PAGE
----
Each fall, DEL releases an ECEAP Outcomes Report to the public. It summarizes developmental, pre-academic, and health gains made by ECEAP children in the previous school year. The 2013-14 report is now available at: http://www.del.wa.gov/publications/eceap/docs/ECEAP_outcomes_2013-14.pdf

 Highlights from the 2013-14 ECEAP Outcomes Report include:
·         We served the largest number of children ever – 8,741 slots.
o   With 12.2% turnover, there were 9,810 children enrolled at some time during the year.
o   29,128 ECEAP eligible children in Washington were not served by either ECEAP or Head Start. 
·         35% of ECEAP children speak a home language other than English.
o   There was an increase in children whose home language was neither English or Spanish, from 5% to 7% of enrollments.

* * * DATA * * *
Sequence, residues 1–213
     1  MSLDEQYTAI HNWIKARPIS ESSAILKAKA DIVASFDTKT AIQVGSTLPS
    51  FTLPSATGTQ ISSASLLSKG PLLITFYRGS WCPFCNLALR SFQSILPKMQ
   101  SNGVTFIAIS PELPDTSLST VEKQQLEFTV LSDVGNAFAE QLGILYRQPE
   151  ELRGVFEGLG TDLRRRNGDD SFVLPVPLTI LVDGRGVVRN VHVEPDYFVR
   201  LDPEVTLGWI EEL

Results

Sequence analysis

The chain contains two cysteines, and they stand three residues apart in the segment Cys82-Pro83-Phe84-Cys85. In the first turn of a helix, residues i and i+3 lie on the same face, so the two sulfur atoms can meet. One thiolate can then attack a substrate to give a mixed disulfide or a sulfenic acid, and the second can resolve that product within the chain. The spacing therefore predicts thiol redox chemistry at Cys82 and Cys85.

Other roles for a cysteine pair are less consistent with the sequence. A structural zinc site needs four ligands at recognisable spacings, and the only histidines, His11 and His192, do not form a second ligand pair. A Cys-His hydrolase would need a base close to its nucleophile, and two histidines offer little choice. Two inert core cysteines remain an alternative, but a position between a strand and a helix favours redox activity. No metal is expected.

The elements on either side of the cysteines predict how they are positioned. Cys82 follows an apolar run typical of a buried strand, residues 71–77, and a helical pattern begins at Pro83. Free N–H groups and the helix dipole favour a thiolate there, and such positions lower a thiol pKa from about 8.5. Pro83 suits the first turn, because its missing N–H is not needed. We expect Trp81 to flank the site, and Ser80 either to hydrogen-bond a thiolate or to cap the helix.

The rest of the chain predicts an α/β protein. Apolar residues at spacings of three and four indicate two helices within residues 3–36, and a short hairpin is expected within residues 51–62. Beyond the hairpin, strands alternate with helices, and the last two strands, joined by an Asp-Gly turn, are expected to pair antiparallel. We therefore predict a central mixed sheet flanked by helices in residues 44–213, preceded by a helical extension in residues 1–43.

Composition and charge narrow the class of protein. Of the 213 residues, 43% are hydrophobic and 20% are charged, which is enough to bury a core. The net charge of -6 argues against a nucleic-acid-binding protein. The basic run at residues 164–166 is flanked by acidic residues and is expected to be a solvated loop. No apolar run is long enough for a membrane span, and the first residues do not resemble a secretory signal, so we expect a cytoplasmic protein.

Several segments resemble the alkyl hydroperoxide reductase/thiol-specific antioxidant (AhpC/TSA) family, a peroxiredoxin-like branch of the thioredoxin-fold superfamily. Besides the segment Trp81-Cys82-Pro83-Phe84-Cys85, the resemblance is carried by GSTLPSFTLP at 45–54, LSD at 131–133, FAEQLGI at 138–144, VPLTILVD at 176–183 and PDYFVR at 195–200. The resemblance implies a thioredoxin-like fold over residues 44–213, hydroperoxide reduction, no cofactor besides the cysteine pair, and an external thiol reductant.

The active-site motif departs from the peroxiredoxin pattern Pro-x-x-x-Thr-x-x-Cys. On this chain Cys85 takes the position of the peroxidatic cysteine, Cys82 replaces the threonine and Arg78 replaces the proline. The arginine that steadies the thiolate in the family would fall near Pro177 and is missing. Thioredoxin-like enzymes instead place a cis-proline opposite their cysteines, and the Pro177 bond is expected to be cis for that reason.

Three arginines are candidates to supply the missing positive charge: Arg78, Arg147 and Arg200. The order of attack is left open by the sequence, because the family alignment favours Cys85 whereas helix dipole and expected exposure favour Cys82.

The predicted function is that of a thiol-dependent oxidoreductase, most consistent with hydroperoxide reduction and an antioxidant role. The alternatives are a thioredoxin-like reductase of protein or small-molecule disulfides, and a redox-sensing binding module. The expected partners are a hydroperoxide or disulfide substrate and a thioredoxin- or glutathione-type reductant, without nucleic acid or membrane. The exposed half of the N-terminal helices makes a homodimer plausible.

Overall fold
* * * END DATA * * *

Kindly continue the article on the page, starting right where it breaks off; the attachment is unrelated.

·         49% of ECEAP lead teachers have bachelor’s degrees or higher.  40% have associate degrees.
·         Risk factors
o   65% of children were from families at or below 80% of the poverty level.
§  FPL was $23,550 for a family of four.
o   32% of children had a parent who did not graduate high school
§  12% of children had a parent with 6th grade or less.

 ·         At enrollment 49% of children were up-to-date with well-child exams.  At exit, 94% were up-to-date.
·         At enrollment 72% of children were up-to-date with immunizations.  At exit, 99% were up-to-date.

·         At enrollment 27% of children were up-to-date with dental screening.  At exit, 95% were up-to-date.

·         Summary of Development and Learning Gains:

For 2013-14, DEL collected GOLD® assessment results for approximately 7,000 ECEAP children who had ratings in both fall and spring of the school year. The children made progress in all domains.
The following percentages of children moved from below age level to at or above age level during their time in ECEAP.
o   Social-emotional development – 48%
o   Physical development – 45%
o   Language development – 42%
o   Cognitive development – 48%
o   Literacy development - 50%
o   Mathematics - 59%